|Main Building 1895
|| The main building was a two-story brick structure measuring 42 feet by 74 feet. It housed administrative offices, classrooms and a library. Mrs. Jewel Link Luckett, wife of President Samuel Luckett, offered $2000 toward adding a wing to the original structure, provided the trustees pledged to finish it. In June 1891, the board of trustees appropriated $4000 for the purpose of completing a two-story wing on the west side. In 1894, F. M. Files donated a cotton compress to the school. It was sold and the proceeds used for the erection of an east wing. Trustee and east Texas lumber baron, J. M. Thompson, donated $500 worth of lumber to be used in the building.
|| The upper stories of these wings were furnished as meeting halls for the literary societies. Cadets petitioned tirelessly for a gymnasium. In fact, Old Main, eventually did house a fine gymnasium, but not until several years later.
| Winners of declamatory and oratorical contests were awarded gold medals by the literary societies. Philennoian Medal pictured.
|| Membership in one of the literary societies was mandatory. Cadets were not only required to join, they were required to attend the meetings. The purpose of the societies was to promote education in rhetoric. Those who could not bring themselves to associate with either the Athenaeum or Philennoian Society were forced to attend a class in rhetoric in addition to their regular studies.
The Reveille was the organ of the literary societies on campus. It began and flourished during the military era, but continued publication through 1907. It was a a monthly literary magazine which contained editorials, articles on literary, historical, and political subjects, "exchange" notes or excerpts from other institutions’ publications, campus news, and anecdotes. Very little concerning college life escaped mention, making The Reveille the most complete existing record of the military years at Austin College. The first issue appeared in March, 1891. The Reveille ceased to exist after 1907, supplanted by the annual Chromascope, but no student publication since has adequately taken its place.
|Course of Study 1890
|| Cadets followed a classical liberal arts curriculum. The college catalog stressed that great care had been given to the arrangement of the required course of study "to select such subjects as are best suited to give the mind thorough and varied training, and, at the same time, to fill it with the largest store of valuable, practical truths." During the military decade, curriculum was revised to reflect a new modern era. In 1890-91, Bible Studies were added to every term of every year. Students could pursue one of two courses of study: classical or scientific. During the 1890s, a course in Old English was added and two years of modern languages (Spanish, French, German) could be substituted for part of the Greek and Latin requirement.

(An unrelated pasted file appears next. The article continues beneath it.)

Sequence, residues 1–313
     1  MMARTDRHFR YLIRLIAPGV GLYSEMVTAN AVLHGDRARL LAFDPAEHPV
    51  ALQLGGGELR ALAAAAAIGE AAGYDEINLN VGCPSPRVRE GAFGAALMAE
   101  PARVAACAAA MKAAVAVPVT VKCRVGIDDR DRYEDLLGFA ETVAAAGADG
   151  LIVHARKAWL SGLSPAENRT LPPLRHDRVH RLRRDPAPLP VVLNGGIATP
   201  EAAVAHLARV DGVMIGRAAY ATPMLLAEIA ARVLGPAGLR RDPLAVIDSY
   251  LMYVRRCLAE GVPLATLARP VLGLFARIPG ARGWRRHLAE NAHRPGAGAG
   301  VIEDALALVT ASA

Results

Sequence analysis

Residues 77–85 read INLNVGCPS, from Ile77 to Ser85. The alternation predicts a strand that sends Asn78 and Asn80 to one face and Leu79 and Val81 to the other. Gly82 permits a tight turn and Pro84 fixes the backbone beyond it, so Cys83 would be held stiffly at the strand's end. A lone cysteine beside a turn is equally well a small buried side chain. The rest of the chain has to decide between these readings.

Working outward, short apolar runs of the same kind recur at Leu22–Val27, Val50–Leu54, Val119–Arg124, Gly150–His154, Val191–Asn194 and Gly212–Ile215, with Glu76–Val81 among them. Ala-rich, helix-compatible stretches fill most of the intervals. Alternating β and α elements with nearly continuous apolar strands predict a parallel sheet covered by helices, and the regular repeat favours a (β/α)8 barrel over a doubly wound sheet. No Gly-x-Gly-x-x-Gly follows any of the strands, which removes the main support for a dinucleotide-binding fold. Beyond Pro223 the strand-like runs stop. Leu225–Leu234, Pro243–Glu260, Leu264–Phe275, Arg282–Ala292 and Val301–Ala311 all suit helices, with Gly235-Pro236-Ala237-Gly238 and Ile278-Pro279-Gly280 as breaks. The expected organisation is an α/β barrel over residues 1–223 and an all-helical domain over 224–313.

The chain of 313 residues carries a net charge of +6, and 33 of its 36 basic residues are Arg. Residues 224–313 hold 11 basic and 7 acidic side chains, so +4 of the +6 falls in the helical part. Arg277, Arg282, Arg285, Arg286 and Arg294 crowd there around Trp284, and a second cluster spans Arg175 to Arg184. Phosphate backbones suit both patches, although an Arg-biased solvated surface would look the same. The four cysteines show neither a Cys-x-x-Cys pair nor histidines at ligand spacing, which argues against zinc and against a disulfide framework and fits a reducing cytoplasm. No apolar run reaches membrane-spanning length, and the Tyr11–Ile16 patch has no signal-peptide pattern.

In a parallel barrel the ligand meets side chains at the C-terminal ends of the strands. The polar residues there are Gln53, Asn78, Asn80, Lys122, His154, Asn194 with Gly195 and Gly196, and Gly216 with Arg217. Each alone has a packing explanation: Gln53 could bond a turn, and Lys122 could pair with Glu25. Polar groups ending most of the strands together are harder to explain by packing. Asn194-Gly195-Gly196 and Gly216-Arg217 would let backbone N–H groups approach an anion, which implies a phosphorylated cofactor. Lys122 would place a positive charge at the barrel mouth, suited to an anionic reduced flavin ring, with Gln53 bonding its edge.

|| Approximate cost for one year for a cadet who paid room and board was $240.50. This included two uniforms and laundry service. Students could rent a dormitory room for $1.00 per month, and purchase meals for $8.00 to $12.50 per month depending on whether they ate at a boarding house or the Student Mess Club. Dormitory students were expected to provide their own furnishings.
|Library Reading Room
|| On January 5, 1891, the following Library rules were adopted:
- The Library will be open for an hour after drill on Wednesday; from 9 to 11 a.m. on Saturday.
- Papers must not be removed from the room.
- Any student wishing to take a book from the room must first give his name and the name of the book to the Librarian to be placed on the register.
- No student shall be permitted to take more than two books from the Library at a time, and these must not be kept out more than two weeks.
- Persons keeping books out over two weeks will be charged five cents per day for each day over time, to be paid to the Librarian, and any student refusing to pay shall be prohibited from using the Library.
- Any student damaging or losing books must refund the amount of damage or loss.
- No disorderly conduct in the room or disarranging of books will be allowed.
Library hours were soon expanded to one hour each Tuesday and Thursday afternoon as well as Saturday mornings. The Library fee was fifty-cents per semester.
|Studying in his room. Some students "from a distance" boarded in homes near the campus like that of W. H. Venable, Sr., located across the road from the College.
|| Study hall was mandatory, although requirements for it changed from time to time. Prior to the opening of the fall term in 1891, the faculty decreed that those whose monthly grades fell below 80 be required to attend. At other times all students were required to attend, at still others, seniors were excused. In 1890-91, Study Hall commenced at 7:15 p.m. and ended with tattoo at 10:00 p.m. This scheduling served the dual purpose of encouraging study and keeping cadets "on the hill" at night.